Everybody was complaining about summer.
After a painful several months – much of it spent in bed – I welcomed the summer by taking to the verandah.
Colourful cushions, simple wood furniture and time-worn rugs created a homey feel.
A verandah is a place for serious summer reading….
Or some serious hanging out….
In the nearby garden, sometimes it rained and hailed and the wind was crazy.
But flowers bloomed everywhere.
The air was fresh.
Family and friends came to visit.
Some invited themselves, which I loved.
“How are you coping these days?”
“I’ve taken to the verandah,” I replied.
“I’m coming to visit!”
It was the summer of the verandah. Of kindness and affection. Laughter and quiet moments.
My editor Tim, returning home to South Africa, spent most of his last week in Canada with our family. He held court on the verandah like an eminence grise, saying wise, cryptic and funny things to everyone.
Some people wondered how he’d handle returning to a country which he left decades ago. Tim’s enigmatic reply: “Did I mention I’ll have the use of a heated swimming pool?”
“Long way to go for a heated swimming pool,” we laughed.
Of course, one should always feed one’s visitors. Despite one’s lack of cooking talent.
“You are the best cook I’ve ever met,” Tim declared, straight-faced, to loud laughter.
I swatted him with my dinner napkin. He complained – theatrically – of “the abuses I suffer in your home”.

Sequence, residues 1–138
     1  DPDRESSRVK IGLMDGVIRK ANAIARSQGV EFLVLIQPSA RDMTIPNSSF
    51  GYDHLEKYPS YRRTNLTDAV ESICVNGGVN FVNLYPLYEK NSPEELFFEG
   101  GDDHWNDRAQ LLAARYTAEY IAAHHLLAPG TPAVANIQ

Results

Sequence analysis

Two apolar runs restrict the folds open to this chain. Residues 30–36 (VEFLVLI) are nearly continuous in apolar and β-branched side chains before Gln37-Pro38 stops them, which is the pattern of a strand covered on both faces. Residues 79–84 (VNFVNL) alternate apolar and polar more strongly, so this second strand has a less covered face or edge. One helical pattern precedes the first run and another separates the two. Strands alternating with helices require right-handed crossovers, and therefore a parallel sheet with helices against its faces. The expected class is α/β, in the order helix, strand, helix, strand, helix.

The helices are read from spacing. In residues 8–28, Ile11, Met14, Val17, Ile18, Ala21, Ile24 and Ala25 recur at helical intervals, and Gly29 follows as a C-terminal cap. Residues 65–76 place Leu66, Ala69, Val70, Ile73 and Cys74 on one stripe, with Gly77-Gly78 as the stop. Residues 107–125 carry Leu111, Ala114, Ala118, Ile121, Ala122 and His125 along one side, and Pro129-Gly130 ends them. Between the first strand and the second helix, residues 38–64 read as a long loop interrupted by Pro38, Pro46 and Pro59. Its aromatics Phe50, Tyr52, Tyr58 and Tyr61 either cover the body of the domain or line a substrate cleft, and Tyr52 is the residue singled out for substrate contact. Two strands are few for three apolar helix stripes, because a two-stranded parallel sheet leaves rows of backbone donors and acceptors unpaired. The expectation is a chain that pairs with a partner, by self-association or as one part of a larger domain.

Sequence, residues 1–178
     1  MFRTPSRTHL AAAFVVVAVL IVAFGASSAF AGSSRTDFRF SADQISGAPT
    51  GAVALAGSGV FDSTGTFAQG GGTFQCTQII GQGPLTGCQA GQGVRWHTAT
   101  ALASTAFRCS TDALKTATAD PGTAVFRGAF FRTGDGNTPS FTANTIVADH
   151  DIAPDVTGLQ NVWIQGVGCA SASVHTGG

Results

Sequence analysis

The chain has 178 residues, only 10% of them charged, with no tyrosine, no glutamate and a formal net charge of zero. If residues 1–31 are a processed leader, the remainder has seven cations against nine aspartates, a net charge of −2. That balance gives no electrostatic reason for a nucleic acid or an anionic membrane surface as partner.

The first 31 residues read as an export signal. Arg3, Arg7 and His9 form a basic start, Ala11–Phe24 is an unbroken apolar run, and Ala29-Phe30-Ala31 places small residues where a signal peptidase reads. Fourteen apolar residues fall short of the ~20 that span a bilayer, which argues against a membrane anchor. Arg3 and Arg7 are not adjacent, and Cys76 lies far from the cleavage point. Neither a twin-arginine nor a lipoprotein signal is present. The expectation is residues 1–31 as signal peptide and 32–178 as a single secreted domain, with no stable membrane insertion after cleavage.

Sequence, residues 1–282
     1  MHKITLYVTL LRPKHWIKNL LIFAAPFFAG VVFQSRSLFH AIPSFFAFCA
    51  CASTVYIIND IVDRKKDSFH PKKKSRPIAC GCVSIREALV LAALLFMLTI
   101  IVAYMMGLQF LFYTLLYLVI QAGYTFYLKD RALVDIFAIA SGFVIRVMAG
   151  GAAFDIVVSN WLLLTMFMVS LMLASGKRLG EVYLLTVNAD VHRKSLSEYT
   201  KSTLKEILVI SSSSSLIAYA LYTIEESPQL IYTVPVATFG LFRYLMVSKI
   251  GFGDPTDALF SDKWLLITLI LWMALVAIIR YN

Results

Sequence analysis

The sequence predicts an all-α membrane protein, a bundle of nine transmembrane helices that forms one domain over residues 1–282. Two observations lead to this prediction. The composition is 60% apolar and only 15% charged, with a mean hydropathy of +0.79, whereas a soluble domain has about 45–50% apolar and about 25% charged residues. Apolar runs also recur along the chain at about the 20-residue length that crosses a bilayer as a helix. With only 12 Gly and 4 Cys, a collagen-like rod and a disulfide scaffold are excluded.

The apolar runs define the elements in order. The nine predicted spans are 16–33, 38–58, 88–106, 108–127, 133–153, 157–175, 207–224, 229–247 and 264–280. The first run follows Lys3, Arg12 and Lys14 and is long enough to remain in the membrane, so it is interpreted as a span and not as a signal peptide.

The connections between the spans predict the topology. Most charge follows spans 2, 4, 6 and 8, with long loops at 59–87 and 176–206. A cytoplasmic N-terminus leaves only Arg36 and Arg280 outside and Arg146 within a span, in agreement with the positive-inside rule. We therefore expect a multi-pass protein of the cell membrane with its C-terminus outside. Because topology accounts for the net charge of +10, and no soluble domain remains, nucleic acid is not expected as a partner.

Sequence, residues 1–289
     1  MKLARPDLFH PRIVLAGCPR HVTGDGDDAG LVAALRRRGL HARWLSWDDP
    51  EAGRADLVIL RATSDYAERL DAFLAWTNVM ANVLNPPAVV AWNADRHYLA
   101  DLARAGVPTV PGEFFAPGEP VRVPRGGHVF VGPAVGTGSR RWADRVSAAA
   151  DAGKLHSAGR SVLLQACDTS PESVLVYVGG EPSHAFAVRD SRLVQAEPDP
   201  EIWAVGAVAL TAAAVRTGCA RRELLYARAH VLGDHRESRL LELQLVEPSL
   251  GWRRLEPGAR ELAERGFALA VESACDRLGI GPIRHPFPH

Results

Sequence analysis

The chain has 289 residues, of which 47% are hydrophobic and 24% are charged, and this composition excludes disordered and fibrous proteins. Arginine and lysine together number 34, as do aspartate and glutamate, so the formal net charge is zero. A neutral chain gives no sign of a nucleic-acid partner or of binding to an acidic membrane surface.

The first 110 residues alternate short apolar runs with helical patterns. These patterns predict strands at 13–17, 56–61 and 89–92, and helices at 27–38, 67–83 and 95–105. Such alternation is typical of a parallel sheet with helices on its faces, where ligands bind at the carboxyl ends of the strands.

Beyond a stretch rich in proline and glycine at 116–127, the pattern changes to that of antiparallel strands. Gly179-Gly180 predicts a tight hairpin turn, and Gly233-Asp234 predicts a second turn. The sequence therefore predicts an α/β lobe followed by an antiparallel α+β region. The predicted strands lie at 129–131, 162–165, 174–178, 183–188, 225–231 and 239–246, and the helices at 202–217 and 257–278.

We alternated between joking, serious talk and companionable silence. If tears were hovering, we didn’t let them show. This man has been a stalwart friend to me through life’s challenging times and I shall miss him.
Marilyn visited next. Marilyn’s the doyenne of tea (See Simply Splendid Victorian Afternoon Teas.) She kindly admired my floral arrangement and I wisely served a cold lunch… no cooking required.
“I caught that salmon, smoked it and sliced it,” I lied.
“Well done,” she praised, playing along.
Seriously, though: the lettuce, tomatoes and red currants came from our garden.
Longtime friend Dale arrived late one night, on her way back home from visiting family out west. I made breakfast, the only thing I cook consistently well, and we caught up on family news.
Marie, who lives way up north, took an evening break from her role in an important cross-country hearing. My husband cooked supper that day, as he did for my childhood friend, Angela and her family. Wonderful occasions.
Jacqui dropped in and lucked into one of the nicest dishes I made this summer.
“But this is GOOD!” she declared.
“Don’t tell anyone!” I pleaded. “You’ll ruin my reputation.”
Anthony Trollope once asked: “What on earth could be more luxurious than a sofa, a book and a cup of coffee?”
My answer: “A verandah, a garden, and loved ones to share them with.”
Dedicated, with a grateful heart, to my caring family and friends… and everyone who appreciates a verandah.